This latest news follows hot on the heels of the sentencing of experienced PIA pilot, Irfan Faiz, 55, who was arrested for being drunk as he prepared to fly a plane.
Faiz, father-of-two, was more than three times over the alcohol limit, as he was about to fly an Airbus with 156 people on board to Pakistan from Leeds Bradford Airport on 18th September.
He was about to pilot the Pakistan International Airlines 776 flight to Islamabad, when he was asked to leave the cockpit due to concerns raised by security staff.
Faiz gave an initial reading of 41 microgrammes in 100 millilitres of breath on the police officer’s hand-held device. The legal limit for driving a car is 35 microgrammes but for flying in the UK it’s just nine, the court heard.
He later gave a reading on the evidential machine of 28.
Faiz’s barrister, Paul Greaney QC, told the court his client was not a heavy drinker but was under a lot of stress at the time because of a kidnap threat against his family back home.
Mr Greaney also told the judge that, despite being an experienced pilot, Faiz was not aware of the drink-fly rules in the UK and that the rules in Pakistan are that there must be a 12-hour gap between “bottle and throttle”.
Mr Justice Coulson at Leeds Crown Court said he was “astonished” to hear that pilots regularly flying out of the UK were not aware of the rules in this country, which are based on the amount of alcohol present in the body.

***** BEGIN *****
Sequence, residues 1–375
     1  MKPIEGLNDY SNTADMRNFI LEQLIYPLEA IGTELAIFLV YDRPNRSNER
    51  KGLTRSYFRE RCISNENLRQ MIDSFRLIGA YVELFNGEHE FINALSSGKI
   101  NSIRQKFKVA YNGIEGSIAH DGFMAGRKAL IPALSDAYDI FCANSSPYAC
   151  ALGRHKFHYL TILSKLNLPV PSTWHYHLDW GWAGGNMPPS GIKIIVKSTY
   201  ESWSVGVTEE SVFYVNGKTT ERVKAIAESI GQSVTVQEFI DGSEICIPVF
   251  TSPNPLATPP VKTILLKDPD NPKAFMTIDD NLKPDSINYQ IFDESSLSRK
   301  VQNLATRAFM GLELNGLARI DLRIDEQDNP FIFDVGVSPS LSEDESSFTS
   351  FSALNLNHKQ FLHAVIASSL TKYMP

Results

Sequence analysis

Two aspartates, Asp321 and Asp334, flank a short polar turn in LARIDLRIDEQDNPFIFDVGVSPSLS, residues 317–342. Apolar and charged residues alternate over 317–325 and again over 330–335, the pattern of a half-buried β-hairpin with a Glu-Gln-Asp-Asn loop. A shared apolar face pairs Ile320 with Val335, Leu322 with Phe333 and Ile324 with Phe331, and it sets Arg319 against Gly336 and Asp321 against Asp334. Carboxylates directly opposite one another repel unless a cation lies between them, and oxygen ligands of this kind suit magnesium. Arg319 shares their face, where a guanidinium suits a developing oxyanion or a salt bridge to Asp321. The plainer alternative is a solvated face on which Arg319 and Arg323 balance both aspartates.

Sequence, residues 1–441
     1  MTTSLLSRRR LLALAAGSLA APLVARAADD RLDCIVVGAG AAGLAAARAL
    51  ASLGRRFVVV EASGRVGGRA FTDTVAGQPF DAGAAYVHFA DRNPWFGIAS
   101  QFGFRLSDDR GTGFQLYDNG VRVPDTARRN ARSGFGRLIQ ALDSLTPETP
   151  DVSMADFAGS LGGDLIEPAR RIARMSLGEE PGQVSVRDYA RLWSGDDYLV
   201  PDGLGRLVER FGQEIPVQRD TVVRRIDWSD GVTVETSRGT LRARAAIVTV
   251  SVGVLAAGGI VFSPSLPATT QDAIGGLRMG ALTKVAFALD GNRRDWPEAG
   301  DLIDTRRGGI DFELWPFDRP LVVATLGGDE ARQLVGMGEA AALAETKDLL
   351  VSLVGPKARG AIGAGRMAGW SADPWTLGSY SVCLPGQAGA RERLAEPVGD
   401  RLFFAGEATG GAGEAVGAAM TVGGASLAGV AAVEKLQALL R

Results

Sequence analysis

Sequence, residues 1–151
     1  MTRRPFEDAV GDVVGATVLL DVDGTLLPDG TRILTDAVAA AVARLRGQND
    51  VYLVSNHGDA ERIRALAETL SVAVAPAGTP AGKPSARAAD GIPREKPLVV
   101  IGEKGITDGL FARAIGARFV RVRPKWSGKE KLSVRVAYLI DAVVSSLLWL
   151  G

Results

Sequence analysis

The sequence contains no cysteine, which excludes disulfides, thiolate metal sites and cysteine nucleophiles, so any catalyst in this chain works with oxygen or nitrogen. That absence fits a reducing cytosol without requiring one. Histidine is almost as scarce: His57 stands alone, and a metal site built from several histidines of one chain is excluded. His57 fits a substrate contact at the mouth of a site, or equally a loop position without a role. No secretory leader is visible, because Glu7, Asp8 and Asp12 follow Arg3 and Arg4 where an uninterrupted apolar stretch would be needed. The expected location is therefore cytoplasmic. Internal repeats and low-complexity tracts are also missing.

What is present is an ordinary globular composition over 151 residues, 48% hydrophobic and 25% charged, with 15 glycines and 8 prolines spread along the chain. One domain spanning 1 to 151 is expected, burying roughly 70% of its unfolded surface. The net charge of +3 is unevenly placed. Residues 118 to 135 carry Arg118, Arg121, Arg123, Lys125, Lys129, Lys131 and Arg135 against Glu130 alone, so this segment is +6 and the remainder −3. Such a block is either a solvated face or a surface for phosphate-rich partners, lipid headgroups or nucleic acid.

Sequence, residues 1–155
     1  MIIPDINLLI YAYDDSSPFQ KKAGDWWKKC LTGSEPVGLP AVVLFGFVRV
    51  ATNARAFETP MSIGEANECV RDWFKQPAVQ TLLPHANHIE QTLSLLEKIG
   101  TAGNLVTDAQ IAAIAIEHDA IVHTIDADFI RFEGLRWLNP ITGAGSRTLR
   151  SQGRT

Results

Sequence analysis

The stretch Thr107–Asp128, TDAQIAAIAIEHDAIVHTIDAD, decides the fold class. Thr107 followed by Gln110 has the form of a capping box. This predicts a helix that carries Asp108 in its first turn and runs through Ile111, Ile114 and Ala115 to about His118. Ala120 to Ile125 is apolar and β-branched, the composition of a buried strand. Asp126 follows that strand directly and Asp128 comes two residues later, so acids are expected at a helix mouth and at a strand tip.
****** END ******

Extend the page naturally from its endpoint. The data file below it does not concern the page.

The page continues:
The court heard that Faiz was an experienced and well-respected pilot with 25 years’ experience and an unblemished record. He has been sentenced to nine months imprisonment.
Solicitor Abdul Iftikhar, of Kamrans Solicitors, who are representing Faiz has confirmed to the Asian Express that they’ll be lodging an appeal against the sentence of nine months imprisonment.
Mr Iftikhar said: “The basis of the appeal is that it is manifestly excessive in all the circumstances of his case and that the Court of Appeal will be requested to deal with Captain Faiz’s case on an expedited basis.”
A source at the UK’s National Crime Agency told reporters that the agency was concerned about the rise in the numbers of PIA staff involved in the smuggling of Class-A drugs into the UK.